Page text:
More than one-quarter of physicians in the U.S. are foreign-born. Among trainees in pulmonology and critical care medicine — the specialists most needed to combat this coronavirus, which ravages the lungs — more than 40 percent are born outside the U.S. Yet many of these doctors — more than a third of those practicing in this country who graduated from international medical schools — have either exchange visitor visas or other types of visas for temporary workers like the H-1B that limit their ability to work.

Green cards are allotted by country, and there is a particularly long wait for permanent residency cards for Indian citizens. Three-quarters of skilled workers waiting for green cards are from India. That translates to more than 700,000 people, according to a policy brief published last week, some 200,000 of whom are expected to die of old age before being granted green cards. In the meantime, while they live with restrictions on both their employment and mobility, many Indian physicians are doing essential medical work in underserved and rural areas throughout the U.S.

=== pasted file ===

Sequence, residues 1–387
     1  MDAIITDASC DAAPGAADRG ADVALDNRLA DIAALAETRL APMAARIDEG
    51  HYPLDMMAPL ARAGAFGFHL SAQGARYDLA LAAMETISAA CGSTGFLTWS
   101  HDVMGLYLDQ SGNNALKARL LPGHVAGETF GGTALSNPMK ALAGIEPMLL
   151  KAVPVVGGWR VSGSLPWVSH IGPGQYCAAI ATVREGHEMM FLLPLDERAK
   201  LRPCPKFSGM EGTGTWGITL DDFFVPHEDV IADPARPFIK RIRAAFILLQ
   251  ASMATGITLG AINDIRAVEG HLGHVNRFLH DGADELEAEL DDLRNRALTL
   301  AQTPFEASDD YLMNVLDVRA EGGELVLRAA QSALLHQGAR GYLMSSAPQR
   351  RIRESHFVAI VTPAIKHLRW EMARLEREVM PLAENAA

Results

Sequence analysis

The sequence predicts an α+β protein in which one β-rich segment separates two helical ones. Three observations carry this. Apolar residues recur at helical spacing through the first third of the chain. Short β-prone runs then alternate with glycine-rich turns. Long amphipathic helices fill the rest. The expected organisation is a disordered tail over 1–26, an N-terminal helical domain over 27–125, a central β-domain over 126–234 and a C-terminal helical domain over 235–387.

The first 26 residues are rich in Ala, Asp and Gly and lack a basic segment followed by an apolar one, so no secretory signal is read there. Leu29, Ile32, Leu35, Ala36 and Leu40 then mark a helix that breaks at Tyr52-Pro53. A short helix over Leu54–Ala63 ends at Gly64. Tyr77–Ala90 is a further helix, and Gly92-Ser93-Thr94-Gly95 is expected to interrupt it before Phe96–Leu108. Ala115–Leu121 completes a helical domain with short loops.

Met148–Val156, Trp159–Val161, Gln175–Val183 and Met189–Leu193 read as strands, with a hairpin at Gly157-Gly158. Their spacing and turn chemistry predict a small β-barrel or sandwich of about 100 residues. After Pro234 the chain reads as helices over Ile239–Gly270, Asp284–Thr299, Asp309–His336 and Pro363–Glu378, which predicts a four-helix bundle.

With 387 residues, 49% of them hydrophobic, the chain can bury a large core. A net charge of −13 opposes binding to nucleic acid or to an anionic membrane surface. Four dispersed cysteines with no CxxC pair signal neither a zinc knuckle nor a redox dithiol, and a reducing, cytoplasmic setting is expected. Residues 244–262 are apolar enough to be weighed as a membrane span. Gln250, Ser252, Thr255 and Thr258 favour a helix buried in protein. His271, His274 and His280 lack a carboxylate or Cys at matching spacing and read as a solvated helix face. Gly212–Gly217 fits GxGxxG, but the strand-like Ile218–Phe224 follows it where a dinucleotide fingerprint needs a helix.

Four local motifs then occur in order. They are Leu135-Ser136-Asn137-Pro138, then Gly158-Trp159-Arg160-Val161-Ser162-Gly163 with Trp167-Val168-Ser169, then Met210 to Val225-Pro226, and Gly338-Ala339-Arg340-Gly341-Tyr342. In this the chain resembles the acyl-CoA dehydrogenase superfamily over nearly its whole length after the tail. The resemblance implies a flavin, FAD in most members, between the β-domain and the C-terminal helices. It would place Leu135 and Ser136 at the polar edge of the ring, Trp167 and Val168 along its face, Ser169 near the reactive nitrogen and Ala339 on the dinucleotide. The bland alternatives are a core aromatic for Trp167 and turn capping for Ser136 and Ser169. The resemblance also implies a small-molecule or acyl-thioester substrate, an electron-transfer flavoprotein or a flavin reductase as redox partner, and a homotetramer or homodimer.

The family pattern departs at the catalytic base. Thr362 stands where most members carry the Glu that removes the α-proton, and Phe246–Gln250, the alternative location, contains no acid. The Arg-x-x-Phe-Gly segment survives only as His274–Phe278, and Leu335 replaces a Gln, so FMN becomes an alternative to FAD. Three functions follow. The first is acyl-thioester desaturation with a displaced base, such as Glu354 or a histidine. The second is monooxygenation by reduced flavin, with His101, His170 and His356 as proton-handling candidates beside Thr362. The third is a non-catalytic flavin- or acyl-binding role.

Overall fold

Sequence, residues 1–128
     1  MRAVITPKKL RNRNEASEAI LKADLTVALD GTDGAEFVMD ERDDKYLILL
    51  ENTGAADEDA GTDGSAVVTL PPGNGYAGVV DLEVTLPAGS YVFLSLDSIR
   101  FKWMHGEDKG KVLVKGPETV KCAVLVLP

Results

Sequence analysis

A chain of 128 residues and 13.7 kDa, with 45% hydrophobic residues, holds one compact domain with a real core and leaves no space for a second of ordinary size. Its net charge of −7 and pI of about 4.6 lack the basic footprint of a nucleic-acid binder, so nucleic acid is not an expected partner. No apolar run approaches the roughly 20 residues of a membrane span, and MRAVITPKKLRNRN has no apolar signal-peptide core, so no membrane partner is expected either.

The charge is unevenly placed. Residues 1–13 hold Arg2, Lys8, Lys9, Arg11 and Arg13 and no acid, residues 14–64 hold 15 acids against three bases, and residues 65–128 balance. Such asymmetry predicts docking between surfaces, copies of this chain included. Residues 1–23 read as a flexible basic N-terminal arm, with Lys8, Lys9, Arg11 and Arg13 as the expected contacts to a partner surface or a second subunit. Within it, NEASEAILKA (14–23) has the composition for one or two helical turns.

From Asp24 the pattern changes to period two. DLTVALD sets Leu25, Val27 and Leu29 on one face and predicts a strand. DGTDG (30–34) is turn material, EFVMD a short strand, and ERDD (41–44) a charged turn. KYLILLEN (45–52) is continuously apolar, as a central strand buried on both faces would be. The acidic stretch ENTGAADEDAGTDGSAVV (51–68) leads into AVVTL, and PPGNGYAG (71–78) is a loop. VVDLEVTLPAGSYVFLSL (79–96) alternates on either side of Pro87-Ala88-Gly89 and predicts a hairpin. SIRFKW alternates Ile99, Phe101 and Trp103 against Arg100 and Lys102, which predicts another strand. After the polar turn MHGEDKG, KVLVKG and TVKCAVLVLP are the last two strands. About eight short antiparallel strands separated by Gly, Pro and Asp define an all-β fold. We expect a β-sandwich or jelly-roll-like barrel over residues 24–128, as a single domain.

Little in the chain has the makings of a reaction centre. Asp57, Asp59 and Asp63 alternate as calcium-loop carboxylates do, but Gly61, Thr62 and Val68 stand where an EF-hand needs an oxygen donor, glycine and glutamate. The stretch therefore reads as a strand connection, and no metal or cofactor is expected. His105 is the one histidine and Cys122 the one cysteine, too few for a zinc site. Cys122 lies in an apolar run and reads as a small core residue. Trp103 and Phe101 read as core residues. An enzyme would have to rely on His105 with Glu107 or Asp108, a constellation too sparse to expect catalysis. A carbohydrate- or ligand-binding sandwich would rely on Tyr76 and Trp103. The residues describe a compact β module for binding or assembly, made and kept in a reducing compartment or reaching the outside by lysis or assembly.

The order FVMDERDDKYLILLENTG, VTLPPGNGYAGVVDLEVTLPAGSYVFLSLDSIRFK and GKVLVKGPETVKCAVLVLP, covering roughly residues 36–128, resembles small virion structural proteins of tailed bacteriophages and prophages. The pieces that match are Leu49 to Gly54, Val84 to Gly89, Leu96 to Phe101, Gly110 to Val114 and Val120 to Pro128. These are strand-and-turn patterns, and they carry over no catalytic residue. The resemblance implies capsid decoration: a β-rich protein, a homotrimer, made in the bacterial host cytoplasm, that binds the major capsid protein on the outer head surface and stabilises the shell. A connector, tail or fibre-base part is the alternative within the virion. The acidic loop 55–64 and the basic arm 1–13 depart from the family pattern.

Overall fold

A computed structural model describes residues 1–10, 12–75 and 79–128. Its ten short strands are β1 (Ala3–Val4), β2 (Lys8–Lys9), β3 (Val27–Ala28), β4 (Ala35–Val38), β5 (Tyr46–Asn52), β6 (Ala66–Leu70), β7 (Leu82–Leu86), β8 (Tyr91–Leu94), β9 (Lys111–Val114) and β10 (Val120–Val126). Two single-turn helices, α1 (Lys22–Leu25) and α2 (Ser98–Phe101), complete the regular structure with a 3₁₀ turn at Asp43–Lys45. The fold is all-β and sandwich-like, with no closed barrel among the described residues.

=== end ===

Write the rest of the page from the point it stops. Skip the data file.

The green card backlog, which has been a chronic frustration for Indian-born doctors, is particular vexing during the pandemic. Both New York Gov. Andrew Cuomo and New York City Mayor Bill de Blasio have recently made desperate pleas for anyone with relevant medical skills to immediately enlist in the fight against the coronavirus. Even elderly doctors, who are particularly vulnerable to Covid-19 because of their age, have come out of retirement to help combat the outbreak.